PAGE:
I have enjoyed Lee’s pit lane reporting for a few years now and similar to ‘new to me’ Suzi Perry she does an excellent job of providing technical details as well as insight into some of the ‘thinking’ that goes on behind the scenes. Both of these women come to the field with backgrounds in autosports and both do their jobs with finesse and professionalism. You NEVER get the impression that their job has ANY sort of ‘eye-candy’ requirement. Something that I can’t say for other sports / broadcasters over here on THIS side of the pond.

I can’t say a single negative thing about how the BBC and before it ITV curate and deliver their content and it is an attestation to the skills and underlying vision of these organizations and these two women that they are woven into the production(s) in a seamless fashion. If it were not for their voices (which are quite pleasant by the way) their gender would never come to mind.

Lee McKenzie and ‘the ice man’ Kimi Raikkonen

Suzi Perry and David Coultard

You can read a nice article from Lee regarding the ‘now upon us’ 2014 season and what to expect from it here and I would encourage you to follow her on twitter as well @LeeMcKenzieF1


2) Second up, allow me to introduce you to  … Claire Williams:

I hesitate to start with this sentence because it seems loaded with prejudice but it is factual and may just induce you to read on … Daughter of the great Sir Frank Williams, you can read a wonderfully insightful article on Clair over at the telegraph.co.uk here.

For me, my admiration starts and ends with her role in the world class organization that is Williams F1 and the turnaround that team has enjoyed in just one year.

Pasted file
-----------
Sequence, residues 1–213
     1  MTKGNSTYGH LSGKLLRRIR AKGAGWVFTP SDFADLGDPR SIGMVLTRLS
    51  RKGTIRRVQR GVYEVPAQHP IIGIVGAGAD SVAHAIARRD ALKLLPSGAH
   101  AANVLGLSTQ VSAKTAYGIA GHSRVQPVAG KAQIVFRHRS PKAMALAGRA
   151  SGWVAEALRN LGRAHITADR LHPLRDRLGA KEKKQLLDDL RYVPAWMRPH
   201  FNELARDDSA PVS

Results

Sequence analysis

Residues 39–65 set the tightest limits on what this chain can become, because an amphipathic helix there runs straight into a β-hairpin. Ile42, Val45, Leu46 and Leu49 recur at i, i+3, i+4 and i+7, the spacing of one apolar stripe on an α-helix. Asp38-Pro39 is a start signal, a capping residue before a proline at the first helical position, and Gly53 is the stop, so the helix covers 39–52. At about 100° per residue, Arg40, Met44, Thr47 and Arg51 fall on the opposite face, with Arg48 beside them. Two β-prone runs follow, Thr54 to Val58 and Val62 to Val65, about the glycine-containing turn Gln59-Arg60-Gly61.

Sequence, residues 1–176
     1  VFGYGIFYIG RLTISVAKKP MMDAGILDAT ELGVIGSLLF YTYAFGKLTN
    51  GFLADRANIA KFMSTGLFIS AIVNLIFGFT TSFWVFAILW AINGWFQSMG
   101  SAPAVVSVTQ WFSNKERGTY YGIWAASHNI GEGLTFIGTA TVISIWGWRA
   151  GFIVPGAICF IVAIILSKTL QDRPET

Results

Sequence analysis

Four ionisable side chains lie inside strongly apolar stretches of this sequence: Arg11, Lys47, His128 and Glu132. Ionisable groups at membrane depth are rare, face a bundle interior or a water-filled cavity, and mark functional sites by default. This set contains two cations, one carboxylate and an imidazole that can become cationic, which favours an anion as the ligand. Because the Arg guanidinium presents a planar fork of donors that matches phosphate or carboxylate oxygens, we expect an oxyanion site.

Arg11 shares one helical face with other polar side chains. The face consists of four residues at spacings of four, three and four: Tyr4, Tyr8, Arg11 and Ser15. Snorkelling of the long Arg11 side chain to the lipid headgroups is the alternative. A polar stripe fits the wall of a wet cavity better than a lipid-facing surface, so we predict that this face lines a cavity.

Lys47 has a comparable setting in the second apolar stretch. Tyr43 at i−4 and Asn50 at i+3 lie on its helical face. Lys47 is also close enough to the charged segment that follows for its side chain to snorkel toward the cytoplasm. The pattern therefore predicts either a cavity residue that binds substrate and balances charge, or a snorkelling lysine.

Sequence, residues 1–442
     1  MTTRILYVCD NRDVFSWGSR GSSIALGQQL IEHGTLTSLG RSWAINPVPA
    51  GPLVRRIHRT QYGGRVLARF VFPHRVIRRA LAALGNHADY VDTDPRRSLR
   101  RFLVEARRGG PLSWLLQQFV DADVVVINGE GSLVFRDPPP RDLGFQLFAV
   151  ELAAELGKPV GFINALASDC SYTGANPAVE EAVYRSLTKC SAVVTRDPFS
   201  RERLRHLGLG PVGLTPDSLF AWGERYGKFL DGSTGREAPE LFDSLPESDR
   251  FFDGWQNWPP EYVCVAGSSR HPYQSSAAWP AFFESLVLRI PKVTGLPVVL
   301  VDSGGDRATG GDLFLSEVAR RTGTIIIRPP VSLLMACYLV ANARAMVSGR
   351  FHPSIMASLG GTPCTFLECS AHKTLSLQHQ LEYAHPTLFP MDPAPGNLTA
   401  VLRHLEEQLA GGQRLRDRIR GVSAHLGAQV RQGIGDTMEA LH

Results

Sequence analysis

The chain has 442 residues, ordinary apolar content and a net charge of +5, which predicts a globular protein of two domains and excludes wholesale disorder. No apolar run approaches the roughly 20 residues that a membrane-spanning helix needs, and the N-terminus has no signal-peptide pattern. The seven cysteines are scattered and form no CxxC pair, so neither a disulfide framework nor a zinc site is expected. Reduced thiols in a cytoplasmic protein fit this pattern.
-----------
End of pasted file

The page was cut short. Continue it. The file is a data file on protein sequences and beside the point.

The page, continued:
3) Next up is Suzie Wolff:

There have been women drivers in F1 before (in various roles) but I get the impression that Suzie is going to be a game changer rather than a novelty. The proof will be in the pudding as it were later this year but I have high hopes for Suzie AND for Williams F1.

To be clear she is already an accomplished driver and having her succeed in F1 would be a fantastic (continued) step in the right direction.  I’m not sure nor do I care if having Claire Williams on the team in any way influenced the decisions that lead to Suzie’s opportunity but since I am sure that somebody out there will be thinking that there IS a connection I will simply say that we shall see what we shall see – and I am hopeful of great things from Williams.

4) And finally Monisha Kaltenborn of Sauber.

with team founder Peter Sauber

Monisha has taken on the top-job (Team Principle = CEO in common speak)  at Sauber since 2010 and over that timeframe the team has been progressing nicely under her guidance. I am hopeful that in the very near future they will become a ‘team to beat’.